Turquoise and UKTI strengthen tech trade ties with China
Turquoise International, the merchant bank specialising in energy, environment and efficiency, has hosted a government-led delegation of listed Chinese companies seeking investment and acquisition opportunities in the UK’s industrial technology sector.
Turquoise hosted a number of events on 11-12th April in association with UK Trade and Investment (UKTI). The delegation comprised owners and senior executives from over 40 of the largest companies from Zhejiang Province, which is regarded as one of the leading centres of private sector entrepreneurship in China. Zhejiang has the highest Gross Domestic Product (GDP) per capita in China and holds the largest number of listed companies in the country. The capital city Hangzhou, scheduled to host the 2016 G20 Summit, is a hub of venture capital funds and tech start-ups second only to Beijing.
“Britain has long been considered a global centre of excellence in the development of industrial technology, particularly in Turquoise’s focus areas of energy, environment and efficiency,” said Turquoise’s director for China David Wright. “We are delighted that we were able to host a group of such senior business and government representatives from Zhejiang. We look forward to expanding our work in China and to helping Chinese companies to invest in and acquire new technology from the UK.”
European tech start-ups keen on China market but scared of copycats https://t.co/UotWlF1aNK— From Underground (@from_UGND) 20 April 2016
Q2 2016 could be considerably less volatile
Investors can look forward to a period of relative stability this quarter – despite bleak warnings over the health of the global economy. This is according to leading global investment analyst Tom Elliott of the deVere Group.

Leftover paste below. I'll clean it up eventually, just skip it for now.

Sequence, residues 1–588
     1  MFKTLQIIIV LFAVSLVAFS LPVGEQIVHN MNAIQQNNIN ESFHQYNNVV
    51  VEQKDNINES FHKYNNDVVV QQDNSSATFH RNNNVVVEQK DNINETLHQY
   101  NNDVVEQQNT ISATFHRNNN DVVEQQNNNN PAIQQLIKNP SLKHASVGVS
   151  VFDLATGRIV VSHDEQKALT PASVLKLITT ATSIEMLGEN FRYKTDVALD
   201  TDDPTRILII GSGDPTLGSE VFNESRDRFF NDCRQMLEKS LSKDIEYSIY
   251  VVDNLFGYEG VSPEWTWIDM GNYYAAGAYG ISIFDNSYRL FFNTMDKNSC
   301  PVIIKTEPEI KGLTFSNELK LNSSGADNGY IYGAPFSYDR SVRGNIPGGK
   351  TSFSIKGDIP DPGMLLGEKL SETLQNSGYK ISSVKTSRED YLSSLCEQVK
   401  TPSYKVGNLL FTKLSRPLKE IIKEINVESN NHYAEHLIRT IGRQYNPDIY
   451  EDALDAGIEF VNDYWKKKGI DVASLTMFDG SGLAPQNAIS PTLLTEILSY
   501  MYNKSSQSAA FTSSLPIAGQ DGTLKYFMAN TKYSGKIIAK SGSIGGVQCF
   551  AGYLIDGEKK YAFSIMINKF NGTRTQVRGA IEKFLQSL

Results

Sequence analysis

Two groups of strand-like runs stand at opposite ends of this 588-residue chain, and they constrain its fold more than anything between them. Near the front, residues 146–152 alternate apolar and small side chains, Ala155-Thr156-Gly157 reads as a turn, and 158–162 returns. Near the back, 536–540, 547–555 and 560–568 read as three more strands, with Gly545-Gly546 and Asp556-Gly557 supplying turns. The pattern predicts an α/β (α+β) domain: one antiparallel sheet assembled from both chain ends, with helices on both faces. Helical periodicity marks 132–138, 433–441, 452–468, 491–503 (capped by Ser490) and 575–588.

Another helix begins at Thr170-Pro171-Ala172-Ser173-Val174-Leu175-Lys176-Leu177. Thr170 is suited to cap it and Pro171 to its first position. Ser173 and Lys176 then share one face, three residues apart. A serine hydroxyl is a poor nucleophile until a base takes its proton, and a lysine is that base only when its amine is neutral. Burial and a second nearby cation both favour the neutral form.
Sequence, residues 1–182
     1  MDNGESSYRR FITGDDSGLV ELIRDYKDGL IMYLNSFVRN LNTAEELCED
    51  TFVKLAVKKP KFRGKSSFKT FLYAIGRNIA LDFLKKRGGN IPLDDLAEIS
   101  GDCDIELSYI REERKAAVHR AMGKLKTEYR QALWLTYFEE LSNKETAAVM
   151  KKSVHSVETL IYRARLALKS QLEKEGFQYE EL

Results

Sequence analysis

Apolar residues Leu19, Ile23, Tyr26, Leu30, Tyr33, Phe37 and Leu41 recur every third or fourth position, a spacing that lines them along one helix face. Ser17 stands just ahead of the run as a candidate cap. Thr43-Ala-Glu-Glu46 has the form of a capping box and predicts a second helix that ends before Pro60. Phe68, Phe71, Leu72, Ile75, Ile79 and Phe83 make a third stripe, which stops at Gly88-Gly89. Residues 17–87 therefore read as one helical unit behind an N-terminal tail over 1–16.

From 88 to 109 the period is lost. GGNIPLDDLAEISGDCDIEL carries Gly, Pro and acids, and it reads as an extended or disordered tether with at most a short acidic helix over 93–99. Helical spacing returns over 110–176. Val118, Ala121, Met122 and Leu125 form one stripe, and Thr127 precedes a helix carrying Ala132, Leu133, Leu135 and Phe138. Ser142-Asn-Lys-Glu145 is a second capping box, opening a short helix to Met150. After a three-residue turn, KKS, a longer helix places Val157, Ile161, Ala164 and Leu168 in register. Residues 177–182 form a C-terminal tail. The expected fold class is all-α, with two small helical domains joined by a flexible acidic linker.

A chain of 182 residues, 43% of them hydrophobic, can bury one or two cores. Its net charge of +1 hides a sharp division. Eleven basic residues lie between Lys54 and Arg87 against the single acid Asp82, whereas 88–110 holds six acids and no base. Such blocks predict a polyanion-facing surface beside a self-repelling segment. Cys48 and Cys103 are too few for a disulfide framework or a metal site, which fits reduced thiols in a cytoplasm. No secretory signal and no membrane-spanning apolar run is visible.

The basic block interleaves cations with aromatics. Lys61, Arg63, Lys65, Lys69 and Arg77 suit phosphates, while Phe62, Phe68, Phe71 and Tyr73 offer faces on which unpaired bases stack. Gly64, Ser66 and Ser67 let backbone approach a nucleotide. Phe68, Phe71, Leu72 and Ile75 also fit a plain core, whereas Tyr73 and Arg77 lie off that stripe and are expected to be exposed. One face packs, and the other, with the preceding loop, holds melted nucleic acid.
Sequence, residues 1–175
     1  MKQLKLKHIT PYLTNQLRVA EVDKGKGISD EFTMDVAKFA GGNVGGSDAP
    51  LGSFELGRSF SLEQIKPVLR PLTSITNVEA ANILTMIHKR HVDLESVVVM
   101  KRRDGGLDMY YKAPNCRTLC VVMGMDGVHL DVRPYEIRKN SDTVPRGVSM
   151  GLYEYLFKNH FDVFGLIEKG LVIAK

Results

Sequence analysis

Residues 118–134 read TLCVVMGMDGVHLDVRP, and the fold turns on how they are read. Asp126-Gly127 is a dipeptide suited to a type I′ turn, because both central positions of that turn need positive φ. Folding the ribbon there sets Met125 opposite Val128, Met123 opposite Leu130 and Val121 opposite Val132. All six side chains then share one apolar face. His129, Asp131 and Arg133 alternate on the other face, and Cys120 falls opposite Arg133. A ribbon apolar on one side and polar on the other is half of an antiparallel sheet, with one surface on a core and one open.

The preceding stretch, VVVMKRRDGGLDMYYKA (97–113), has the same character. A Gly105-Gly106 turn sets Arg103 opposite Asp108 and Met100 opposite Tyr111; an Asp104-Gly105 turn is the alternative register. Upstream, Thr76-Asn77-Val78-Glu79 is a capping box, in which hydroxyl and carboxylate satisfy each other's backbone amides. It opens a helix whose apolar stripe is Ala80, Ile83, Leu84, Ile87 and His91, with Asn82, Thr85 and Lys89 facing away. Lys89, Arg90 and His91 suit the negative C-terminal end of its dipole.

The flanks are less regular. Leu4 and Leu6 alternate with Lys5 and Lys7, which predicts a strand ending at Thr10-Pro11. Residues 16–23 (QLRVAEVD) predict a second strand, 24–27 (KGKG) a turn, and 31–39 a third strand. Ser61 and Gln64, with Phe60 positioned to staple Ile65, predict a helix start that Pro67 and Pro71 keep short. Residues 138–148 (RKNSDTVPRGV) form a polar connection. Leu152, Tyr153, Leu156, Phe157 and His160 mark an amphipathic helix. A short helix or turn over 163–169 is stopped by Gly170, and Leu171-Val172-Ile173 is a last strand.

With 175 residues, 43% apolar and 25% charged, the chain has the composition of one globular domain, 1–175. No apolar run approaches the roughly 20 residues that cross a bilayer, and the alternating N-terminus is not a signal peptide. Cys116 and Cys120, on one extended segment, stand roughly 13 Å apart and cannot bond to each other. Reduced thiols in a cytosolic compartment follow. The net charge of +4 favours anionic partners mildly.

Mr Elliott comments: “I believe the second quarter of 2016 will be considerably less volatile than the first…There are three reasons for this. First, the US Federal Reserve is far more emollient in its forecasts for U.S. rate hikes than it was three months ago, while recent economic data suggests continuing stable economic growth in America.
“Second, the much-forecasted hard landing for the Chinese economy has failed to materialise. At 6.5% the economy is still growing at a decent clip.
“Third, a major source of weakness on financial markets in recent years has been the resources sector. But this is going through a period of period of self-healing. Certainly, it remains very susceptible to news flow from China regarding potential demand growth. But the over-supply issues that bedevil companies in the resources sectors are being addressed through the axing of new energy and mining projects, and closing of uneconomic operations. Companies are bearing down on operating costs, and less generous but more sustainable dividend policies.”